A Tale of Two Keynotes: Futurist Joe Flower and Aetna’s Mark Bertolini
This year at Health 2.0’s Annual Conference, two speakers split stage time during the opening keynote. Joe Flower, a health futurist, and Mark Bertolini, CEO of health insurer Aetna, don’t have a whole lot in common professionally. But in their talks they both made clear that they hold two beliefs in common: the United States health care system needs to react to the country’s cost crisis, and efforts to address health care costs will happen independently from federal reform.
Flower spoke first, laying out the tenets of what he calls the Next Health Care. For such an optimistic speech, it was filled with negatives. Flower went through step by step, talking about what the nation isn’t doing right now, who’s not invested in better care, and why all health care systems can’t just become Kaisers.
Though the talk certainly wasn’t meant to praise health care for all it does right, it was meant to point out the promise that the health care system could be on the brink of.
“Health care is undergoing fundamental economic changes,” Flower said. “These changes are driving us to what may well be better and cheaper health care for everyone.”
The Affordable Care Act isn’t what’s propelling those changes, according to Flower. It’s other factors including an aging population, the sheer cost of care in the U.S., and technological capability that we’ve never seen until now.
He showed some ominous graphics that predicted what the country could look like in the coming years if we stay on the course we’re on. Chronic disease accounts for 70 to 75% of all health care costs, Flower said. And as many Americans know, obesity is a huge contributor to those costs. The maps looked at the projection of obesity rates in the U.S. over time, and as the slides passed it looked like the country was being eaten by the disease.
“Now, some of the best hopes for that future, honestly, we see right here at Health 2.0. But we are not there yet,” Flower said.
The country is on the brink of fundamental shifts, he said. There are five components needed to get to the Next Health Care: explode the business model, build on smart primary care, put a crew on it, swarm the customer, and rebuild all processes. Many of these blend into one another. For example, take Flower’s contested belief that primary care can thrive in the future.
“This has to be built on primary care. Built on smart primary care,” Flower said. “The emphasis is on smart.”
In order to deliver smart primary care, providers need to have the ability to swarm their patients ― in other words, use all of the data at their disposal to treat the ones that most need care at the time that they need it.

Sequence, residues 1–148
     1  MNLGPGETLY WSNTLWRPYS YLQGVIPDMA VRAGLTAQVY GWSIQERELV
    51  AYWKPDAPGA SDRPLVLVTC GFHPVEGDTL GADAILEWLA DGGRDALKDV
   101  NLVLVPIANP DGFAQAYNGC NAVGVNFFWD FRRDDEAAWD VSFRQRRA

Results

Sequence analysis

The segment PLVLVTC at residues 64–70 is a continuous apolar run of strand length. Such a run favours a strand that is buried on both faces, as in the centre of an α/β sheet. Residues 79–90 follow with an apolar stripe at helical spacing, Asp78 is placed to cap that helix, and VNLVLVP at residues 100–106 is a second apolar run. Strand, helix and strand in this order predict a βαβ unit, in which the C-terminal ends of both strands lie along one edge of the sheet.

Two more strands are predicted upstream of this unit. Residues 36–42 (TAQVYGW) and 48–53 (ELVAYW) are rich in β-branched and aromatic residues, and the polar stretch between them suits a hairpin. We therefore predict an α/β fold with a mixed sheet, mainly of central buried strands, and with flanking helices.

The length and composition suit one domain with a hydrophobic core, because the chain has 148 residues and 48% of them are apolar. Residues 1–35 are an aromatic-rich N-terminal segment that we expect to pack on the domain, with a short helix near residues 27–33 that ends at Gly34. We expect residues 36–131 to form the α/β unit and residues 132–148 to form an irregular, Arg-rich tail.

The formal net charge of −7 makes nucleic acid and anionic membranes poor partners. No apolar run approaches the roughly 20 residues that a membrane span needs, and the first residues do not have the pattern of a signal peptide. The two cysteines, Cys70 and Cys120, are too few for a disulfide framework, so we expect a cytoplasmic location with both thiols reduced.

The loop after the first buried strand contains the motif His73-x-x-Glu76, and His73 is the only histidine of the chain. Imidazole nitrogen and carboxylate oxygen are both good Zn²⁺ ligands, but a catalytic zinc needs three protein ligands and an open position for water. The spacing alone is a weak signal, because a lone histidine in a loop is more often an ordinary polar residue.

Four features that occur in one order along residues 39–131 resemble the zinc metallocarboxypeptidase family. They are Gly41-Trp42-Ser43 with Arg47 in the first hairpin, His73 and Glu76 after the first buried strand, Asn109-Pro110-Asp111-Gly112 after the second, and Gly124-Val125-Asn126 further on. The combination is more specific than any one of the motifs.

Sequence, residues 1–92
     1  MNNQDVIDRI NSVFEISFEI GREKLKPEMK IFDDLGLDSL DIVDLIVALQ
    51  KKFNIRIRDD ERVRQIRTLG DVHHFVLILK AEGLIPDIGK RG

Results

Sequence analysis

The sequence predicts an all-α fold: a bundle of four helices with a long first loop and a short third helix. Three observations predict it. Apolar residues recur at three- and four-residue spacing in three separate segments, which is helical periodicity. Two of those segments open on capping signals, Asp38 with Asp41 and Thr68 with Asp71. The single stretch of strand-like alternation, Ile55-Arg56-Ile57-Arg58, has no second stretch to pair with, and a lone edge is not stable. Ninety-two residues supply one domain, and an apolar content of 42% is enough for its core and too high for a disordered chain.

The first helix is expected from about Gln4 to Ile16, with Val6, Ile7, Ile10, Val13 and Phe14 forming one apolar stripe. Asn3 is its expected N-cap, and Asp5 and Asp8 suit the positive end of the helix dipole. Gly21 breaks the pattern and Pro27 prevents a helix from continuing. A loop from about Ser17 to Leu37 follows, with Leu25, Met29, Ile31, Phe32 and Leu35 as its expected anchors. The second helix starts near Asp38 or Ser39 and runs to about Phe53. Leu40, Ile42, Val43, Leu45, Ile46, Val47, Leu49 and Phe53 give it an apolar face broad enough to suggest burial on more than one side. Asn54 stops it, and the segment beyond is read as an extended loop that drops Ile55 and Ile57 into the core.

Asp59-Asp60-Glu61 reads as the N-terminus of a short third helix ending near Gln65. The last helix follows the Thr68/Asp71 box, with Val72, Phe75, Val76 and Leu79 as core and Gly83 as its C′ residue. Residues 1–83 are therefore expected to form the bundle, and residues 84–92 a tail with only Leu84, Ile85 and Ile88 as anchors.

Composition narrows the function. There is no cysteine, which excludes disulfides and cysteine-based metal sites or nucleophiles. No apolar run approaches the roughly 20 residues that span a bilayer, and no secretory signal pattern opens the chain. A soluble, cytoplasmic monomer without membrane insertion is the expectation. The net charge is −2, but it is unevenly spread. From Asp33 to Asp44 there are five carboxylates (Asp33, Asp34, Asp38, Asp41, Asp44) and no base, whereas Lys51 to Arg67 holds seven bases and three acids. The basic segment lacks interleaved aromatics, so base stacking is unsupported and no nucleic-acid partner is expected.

And data will be key in all areas of care delivery. Especially when it comes to pinpointing exactly how the U.S. will lower costs.
“On the revenue side there is this tremendous complexity that is getting more complex. Because we’re not suddenly all becoming Kaiser. We’re not moving massively to some new model.”
“We have the old model which has all kinds of complexities already, and then we’re layering in on top all kinds of new revenue streams, whose incentives are exactly the opposite of the old existing revenue streams,” Flower said.
Bertolini got on stage next, saying that Flower helped him transition well into his talk. Bertolini said, too, that it’s technology, not the law, that has the most potential to affect health care costs in this country.
“I’ll show you some pretty cool new technology that we’re using to empower health systems to put insurers out of business,” Bertolini said. The comment was followed by the audience’s delayed laughter.
The CEO went onto describe what Aetna’s been doing to integrate technology into its offerings in the past year. A year ago, Aetna introduced iNexx, a health app store for physicians. The apps are meant to assist doctors with Meaningful Use, workflow management, clinical decision support, and more. Bertolini said that last year the store had 280 practices as customers, and this year it has 9,000.
“Doctors will use apps. As a matter of fact, they’ll download them in ways that will make their practices more efficient,” Bertolini said.
He transitioned to iTriage, explaining why the acquisition of the patient-facing app was a no-brainer. It was all about creating ease.
“While we were working with the physician and provider system, what we didn’t have was a way to connect the consumer to the health care system in a very convenient way,” Bertolini said.
Bertolini also discussed Aetna’s CarePass, a platform that aggregates data from a number of consumer apps and allows health information to flow between those apps and a personal cloud.
Bertolini didn’t at all dive into specifics about how these apps and platforms will contribute to lower health care costs, but Aetna’s recent focus on consumer technology implies that the company thinks patients will have a big roll in bending the cost curve.
At the same time it won’t be just one part of the health care system that has the ultimate effect. In a Health 2.0 space that’s getting very crowded ― both literally and at this conference of more than 1,500 attendees ― is there more room in this Next Health Care System than we think?